Second, the social studies of science have developed key resources with which to make sense of new advances in science and technology. Part of this comes from changes in scientific and medical practice itself, where social, ethical and political implications of new technologies are recognized as vital to creating productive relationships between scientific knowledge, technological systems, and society. While the social sciences might have been previously bracketed off as a separate ‘ethical’ concern to science, increasingly scientists and social scientists have been working in collaboration to get to grips with how science and technology come to shape law, politics, public policy, society and culture. 

Third, there have been a series of wider shifts in the research funding landscape: an embedded agenda of ‘ethical, legal and social impacts’ has brought significant new funding-streams to social studies of science and biomedicine, while also pressing social science researchers against the face of cutting-edge developments in the natural and clinical sciences; at the same time, many European funders have dedicated new funding streams to critical social study of the natural sciences in general, and studies of the biomedical and life sciences (including clinical practice) in particular.

These transformations signal that it is a crucial time to bring together work that showcases these remarkable shifts. They also call for a renewed urgency in serious, long-form, interdisciplinary thinking and writing in STS – as well as to spaces that can hold such thinking and writing. The first volumes of the series are appearing now (by Anne Kerr and her colleagues, as well as Adam Hedgecoe, and Gill Haddow) with further volumes in the works; we continue to review proposals, and will be glad to hear from EASST members and affiliates.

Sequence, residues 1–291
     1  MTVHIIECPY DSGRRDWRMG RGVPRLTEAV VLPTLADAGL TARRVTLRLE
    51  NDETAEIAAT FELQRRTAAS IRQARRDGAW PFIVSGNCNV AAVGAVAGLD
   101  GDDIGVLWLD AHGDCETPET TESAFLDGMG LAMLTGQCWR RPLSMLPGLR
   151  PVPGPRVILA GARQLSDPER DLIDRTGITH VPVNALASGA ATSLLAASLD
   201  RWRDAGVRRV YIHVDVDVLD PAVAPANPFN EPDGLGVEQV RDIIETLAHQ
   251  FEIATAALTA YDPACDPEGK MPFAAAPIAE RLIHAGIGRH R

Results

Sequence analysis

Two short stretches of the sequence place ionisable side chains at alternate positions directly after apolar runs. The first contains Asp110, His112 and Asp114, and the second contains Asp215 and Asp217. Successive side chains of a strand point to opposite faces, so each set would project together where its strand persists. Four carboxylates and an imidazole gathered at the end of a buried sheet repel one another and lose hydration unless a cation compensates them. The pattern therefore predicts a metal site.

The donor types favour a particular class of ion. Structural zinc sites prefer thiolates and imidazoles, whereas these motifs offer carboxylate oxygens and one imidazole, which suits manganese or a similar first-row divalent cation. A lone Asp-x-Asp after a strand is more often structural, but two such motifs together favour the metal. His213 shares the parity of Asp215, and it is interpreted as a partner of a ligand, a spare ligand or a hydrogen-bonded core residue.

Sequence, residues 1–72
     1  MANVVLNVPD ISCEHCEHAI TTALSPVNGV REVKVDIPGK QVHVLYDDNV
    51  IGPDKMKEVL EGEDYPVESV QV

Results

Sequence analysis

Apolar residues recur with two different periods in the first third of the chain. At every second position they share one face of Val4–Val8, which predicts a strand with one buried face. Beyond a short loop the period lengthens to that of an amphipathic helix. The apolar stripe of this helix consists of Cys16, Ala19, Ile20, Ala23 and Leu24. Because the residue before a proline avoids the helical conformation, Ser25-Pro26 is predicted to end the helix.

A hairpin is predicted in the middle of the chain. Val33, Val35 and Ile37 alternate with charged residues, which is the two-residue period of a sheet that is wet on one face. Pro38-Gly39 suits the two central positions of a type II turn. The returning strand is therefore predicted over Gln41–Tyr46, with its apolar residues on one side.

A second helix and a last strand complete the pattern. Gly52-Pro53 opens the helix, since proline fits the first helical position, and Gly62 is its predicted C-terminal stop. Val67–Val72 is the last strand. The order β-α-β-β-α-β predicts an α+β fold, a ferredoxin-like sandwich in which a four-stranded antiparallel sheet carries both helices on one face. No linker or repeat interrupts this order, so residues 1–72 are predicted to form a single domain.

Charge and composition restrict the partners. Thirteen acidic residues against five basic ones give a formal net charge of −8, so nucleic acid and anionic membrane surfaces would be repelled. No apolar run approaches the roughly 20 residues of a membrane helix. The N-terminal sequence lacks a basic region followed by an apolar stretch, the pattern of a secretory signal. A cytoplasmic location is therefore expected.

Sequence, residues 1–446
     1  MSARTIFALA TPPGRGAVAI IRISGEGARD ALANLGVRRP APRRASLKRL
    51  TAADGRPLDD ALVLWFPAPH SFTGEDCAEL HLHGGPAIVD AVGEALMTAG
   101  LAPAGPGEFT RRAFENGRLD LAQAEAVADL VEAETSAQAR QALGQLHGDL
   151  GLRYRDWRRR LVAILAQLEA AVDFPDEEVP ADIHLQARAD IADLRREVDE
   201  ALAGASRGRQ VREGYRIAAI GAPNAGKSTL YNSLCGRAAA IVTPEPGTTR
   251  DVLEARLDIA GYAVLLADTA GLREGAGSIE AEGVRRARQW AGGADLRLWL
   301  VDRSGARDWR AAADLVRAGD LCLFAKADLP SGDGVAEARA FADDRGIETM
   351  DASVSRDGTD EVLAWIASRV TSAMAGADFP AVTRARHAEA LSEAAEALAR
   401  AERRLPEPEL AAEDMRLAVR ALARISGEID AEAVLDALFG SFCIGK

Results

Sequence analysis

Data sprints and coding retreats

One of the ways in which we work with participatory data design is in so called data sprints (Munk et al. 2019a). A data sprint is a one-week occasion to prototype a digital methods project together with those who have a stake in it, a.k.a. the issue experts. This could be actors in a controversy that the project is attempting to map, the intended users of the results, or groups for whom the results could have adverse consequences. The week begins with the issue experts presenting their matters of concern followed by a Q&A session. In the afternoon of that first day, initial ideas are transformed into protocols for digital methods projects that could be feasibly carried out in a week. There is always this intensity that results have to materialize by the end of the week and so participants tend to engage. Within the first few days we begin to build tentative and exploratory visualizations capable of eliciting feedback from the issue experts. The process makes it clear what can and what cannot be done, of course, but more importantly, it tends to prompt reflection and what we actually came to do. Like in an ethnographic interview, in a sprint, participants tend to discover questions rather than answers (Munk et al. 2019b). Spurred by these reflections, projects are recalibrated or completely redesigned during the course of the week.